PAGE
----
Creating policy in a pre-school classroom

Molly, self-portrait, 3 years, Dublin Montessori Academy

(Establishing guidelines or limits with children is an introductory lesson in kindness and an experiment in creating classroom policy. Limits are easier to create than implement. I'm learning that the best way to move this theory-type talk to practice is to include the children in establishing these early life policies. Post written, June 2012)

During morning circle, I begin by asking what things we can do in our classroom and at school to take care of ourselves and others, and then as their ideas come forth, I ask them to wait so I can get a pencil and paper to write them on paper.

"Let's make a list of the things we each can do to care for ourselves, our friends, and our classroom. Then we can tape it to the wall to help us remember when we forget." 

I write using the words of the contributor. Both kids and adults contribute to the list. We say what we can do to support kindness and safety rather than use words like "no" or "don't."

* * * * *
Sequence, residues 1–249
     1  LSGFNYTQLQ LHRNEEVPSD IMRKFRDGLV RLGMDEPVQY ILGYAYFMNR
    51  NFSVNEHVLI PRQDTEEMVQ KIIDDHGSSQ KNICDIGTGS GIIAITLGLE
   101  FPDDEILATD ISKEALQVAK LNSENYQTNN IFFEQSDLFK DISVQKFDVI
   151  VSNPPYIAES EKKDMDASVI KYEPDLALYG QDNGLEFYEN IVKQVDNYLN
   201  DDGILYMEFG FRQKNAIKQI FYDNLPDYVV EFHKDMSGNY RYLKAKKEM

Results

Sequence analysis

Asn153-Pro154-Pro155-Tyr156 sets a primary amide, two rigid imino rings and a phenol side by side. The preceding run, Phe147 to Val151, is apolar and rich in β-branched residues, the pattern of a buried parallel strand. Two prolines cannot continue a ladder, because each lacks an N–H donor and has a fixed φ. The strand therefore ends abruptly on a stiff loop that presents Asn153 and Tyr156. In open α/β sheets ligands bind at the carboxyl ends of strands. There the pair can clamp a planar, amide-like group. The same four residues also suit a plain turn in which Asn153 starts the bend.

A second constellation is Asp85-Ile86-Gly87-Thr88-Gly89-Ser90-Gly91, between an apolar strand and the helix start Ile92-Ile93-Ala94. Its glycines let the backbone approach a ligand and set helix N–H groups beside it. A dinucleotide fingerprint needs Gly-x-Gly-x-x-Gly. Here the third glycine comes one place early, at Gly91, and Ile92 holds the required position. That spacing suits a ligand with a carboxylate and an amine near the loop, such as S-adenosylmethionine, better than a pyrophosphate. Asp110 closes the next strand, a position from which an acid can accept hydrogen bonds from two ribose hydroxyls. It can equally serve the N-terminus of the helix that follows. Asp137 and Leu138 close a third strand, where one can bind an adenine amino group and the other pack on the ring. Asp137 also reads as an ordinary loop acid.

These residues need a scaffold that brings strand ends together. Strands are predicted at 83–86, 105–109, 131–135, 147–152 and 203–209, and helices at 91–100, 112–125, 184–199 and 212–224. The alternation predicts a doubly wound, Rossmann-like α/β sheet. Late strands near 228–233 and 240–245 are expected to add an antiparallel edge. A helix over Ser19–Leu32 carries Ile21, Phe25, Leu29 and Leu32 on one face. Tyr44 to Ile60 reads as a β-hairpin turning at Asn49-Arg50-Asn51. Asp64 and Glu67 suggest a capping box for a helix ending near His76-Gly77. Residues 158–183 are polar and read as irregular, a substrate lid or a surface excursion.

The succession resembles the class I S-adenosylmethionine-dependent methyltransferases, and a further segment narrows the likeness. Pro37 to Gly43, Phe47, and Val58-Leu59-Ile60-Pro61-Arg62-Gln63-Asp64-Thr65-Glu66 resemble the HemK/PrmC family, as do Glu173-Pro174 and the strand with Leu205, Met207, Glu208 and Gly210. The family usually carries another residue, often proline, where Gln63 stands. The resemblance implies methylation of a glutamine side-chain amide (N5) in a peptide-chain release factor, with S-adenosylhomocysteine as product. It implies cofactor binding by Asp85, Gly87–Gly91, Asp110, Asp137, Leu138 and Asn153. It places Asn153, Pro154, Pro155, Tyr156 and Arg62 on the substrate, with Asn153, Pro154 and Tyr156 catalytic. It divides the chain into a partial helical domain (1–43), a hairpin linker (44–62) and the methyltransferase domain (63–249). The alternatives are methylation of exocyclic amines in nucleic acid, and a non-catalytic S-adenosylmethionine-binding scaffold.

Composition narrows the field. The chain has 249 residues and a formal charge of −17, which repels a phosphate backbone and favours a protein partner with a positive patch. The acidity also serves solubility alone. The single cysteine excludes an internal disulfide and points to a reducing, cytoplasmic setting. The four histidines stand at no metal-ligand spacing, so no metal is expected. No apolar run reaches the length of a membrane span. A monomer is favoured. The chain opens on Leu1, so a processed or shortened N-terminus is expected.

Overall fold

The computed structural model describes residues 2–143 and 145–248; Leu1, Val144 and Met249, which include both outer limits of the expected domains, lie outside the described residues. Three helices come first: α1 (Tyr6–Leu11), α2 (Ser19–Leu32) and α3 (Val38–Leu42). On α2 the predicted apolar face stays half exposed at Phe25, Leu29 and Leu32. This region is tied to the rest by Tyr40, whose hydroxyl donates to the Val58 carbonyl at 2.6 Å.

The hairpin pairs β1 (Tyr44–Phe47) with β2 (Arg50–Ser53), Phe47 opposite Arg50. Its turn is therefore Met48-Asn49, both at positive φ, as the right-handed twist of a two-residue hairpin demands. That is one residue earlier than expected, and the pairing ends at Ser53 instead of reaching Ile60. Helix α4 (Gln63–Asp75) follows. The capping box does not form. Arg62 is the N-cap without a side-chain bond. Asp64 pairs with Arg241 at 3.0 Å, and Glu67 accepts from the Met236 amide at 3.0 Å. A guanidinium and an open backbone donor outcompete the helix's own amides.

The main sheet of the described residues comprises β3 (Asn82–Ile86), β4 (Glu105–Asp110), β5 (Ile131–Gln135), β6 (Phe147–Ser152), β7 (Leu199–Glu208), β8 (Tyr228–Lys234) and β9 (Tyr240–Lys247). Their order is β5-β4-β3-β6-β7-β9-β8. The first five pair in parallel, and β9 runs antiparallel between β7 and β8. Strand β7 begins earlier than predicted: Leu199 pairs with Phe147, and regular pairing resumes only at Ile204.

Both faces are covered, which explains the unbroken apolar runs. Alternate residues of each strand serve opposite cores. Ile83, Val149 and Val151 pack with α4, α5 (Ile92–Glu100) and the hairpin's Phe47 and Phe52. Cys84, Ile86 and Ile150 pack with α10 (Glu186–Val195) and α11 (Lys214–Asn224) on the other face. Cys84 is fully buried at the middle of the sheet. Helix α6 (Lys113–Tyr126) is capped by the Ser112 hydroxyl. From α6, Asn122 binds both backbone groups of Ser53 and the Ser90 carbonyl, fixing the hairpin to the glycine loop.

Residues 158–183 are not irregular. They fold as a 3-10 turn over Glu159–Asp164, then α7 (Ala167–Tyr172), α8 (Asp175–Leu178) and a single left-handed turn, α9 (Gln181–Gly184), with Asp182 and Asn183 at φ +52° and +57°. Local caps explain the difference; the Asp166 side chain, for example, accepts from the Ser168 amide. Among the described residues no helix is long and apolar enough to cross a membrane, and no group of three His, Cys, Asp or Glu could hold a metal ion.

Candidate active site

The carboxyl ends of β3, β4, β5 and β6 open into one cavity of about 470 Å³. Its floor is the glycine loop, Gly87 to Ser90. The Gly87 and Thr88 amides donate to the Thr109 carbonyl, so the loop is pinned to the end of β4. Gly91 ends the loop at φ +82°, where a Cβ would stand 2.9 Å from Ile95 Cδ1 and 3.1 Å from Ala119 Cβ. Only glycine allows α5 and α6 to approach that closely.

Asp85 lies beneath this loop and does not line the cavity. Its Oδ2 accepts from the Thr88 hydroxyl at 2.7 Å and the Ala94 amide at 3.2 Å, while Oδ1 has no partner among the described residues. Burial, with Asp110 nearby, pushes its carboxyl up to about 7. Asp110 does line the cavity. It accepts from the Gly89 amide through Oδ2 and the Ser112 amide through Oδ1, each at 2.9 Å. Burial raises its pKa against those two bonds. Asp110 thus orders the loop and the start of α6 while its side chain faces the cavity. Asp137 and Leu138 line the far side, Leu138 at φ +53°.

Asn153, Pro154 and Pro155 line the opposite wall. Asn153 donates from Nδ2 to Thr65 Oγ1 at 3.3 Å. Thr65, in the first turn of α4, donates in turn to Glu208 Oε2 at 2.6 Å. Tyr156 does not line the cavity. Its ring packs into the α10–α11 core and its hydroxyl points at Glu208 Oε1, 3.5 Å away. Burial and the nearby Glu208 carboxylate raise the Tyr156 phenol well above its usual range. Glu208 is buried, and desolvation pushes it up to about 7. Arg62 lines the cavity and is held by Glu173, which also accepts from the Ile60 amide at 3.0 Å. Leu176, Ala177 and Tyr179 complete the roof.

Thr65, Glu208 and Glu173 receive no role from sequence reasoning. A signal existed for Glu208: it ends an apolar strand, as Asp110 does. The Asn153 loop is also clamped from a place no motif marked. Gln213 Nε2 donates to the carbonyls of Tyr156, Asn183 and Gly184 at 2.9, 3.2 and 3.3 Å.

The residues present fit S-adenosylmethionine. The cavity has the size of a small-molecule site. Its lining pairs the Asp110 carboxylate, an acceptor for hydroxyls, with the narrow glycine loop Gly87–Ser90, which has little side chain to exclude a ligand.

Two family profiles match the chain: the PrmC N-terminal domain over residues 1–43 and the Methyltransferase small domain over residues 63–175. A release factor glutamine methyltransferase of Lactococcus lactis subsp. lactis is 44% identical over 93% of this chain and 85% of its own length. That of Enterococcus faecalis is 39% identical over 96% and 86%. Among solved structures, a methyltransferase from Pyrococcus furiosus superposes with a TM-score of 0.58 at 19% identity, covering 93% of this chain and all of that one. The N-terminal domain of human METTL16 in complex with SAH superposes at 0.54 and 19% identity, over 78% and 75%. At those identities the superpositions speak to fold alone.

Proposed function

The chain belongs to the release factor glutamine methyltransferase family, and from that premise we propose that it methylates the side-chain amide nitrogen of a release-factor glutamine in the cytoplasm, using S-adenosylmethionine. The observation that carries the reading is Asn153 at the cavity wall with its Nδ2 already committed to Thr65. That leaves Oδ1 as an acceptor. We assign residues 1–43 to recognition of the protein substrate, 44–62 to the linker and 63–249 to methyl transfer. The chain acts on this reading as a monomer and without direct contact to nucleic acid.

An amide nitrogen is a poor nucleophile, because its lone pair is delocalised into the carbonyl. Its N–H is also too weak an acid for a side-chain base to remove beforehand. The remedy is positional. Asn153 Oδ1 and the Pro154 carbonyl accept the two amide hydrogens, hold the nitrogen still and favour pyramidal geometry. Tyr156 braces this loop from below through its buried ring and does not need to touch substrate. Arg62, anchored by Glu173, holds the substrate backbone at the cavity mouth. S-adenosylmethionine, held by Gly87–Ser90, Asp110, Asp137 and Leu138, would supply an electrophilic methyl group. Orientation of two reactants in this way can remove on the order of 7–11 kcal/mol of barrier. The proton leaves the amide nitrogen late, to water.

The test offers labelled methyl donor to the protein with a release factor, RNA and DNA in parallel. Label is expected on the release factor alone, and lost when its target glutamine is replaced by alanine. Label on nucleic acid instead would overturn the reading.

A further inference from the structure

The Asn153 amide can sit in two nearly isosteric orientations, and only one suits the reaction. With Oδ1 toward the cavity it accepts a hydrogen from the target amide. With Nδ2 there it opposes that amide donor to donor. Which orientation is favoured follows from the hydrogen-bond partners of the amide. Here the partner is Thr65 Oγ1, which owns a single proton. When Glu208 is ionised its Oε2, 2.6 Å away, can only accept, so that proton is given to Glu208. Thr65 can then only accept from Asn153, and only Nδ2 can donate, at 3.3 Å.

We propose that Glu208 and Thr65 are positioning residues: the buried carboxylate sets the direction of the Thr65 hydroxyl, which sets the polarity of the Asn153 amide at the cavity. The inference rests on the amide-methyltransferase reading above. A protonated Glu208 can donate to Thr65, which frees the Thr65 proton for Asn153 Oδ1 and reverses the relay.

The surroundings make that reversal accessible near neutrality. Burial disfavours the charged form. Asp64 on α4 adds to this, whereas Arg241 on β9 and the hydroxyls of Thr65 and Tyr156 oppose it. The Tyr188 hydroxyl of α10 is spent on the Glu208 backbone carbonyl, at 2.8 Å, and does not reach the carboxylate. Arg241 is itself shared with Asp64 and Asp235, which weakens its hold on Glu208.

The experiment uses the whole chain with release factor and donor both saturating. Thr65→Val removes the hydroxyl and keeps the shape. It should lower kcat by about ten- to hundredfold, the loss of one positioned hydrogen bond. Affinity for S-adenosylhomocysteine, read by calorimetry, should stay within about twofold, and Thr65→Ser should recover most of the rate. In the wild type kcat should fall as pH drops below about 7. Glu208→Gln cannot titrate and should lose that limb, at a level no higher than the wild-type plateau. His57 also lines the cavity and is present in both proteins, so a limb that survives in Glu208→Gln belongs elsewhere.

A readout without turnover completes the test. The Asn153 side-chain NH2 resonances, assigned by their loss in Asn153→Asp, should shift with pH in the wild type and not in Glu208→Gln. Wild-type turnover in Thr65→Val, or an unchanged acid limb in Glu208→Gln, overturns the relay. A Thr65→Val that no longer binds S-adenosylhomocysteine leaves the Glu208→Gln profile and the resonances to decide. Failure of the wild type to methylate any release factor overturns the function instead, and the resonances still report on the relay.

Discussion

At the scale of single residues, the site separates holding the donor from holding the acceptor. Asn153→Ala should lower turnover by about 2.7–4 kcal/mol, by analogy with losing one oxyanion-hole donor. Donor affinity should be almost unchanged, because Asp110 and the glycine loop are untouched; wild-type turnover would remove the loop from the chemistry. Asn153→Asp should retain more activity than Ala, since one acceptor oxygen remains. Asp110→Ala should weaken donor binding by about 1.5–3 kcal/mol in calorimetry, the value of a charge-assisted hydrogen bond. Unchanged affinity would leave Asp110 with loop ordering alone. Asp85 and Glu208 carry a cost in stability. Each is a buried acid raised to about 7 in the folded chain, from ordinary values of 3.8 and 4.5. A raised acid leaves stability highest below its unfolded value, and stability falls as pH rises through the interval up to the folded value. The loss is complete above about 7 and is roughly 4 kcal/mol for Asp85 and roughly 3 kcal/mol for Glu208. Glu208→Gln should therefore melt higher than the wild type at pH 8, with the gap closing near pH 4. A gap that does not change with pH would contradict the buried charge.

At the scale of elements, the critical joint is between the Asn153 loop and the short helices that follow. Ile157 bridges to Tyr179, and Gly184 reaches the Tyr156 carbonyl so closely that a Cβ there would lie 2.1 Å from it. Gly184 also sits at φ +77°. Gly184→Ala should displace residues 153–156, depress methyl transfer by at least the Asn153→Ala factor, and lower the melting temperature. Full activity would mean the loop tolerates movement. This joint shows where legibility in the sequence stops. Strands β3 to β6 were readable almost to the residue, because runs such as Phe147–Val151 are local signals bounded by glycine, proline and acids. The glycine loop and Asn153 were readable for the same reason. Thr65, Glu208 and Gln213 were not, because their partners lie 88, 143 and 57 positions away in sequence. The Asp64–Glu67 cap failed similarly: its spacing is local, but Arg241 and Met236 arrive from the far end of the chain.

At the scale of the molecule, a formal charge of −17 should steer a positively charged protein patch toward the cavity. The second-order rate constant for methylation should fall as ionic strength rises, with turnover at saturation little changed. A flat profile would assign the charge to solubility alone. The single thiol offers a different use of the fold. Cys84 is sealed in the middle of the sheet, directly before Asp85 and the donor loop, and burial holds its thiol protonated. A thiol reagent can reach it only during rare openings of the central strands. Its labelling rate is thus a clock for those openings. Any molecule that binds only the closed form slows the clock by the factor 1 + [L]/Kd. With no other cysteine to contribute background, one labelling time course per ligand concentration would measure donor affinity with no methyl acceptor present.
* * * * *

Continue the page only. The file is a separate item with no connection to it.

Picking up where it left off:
Here is what was on our list at the beginning of the year.


When you cough or sneeze, catch it in your hands and wash your hands with soap and water so the germs go down with the bubbles.

Be quiet around the animals because they have sensitive ears.

Be friendly.

Everything that comes out of your bottom goes into the toilet. If some misses and goes on the floor, clean it up with toilet paper.

Wash your hands after going to the bathroom.

f grass is under feet, run.

Walk on the blacktop.

Be quiet when sitting on circle.

Hands in lap so no one steps on them.

Be nice to friends.

Look someone in the eye and ask his name. Then shake his hand and have another friend.

Sit down and wait for your turn for the bike.

Walk up to someone and then talk.

When you take work off the shelf, take a picture in your brain so you can put it back.

Put away your work before taking more.

Take the necklace off the door knob and put it on before going into the bathroom.

If you see the necklace not on the bathroom door, wait until the person comes out because of privacy. 
Before hanging the list, I invite a vote of agreement to practice them. It's unanimous. The limits are hung on the wall at a child's eye level. We add to the list when we discover other ways to be kinder to ourselves and others.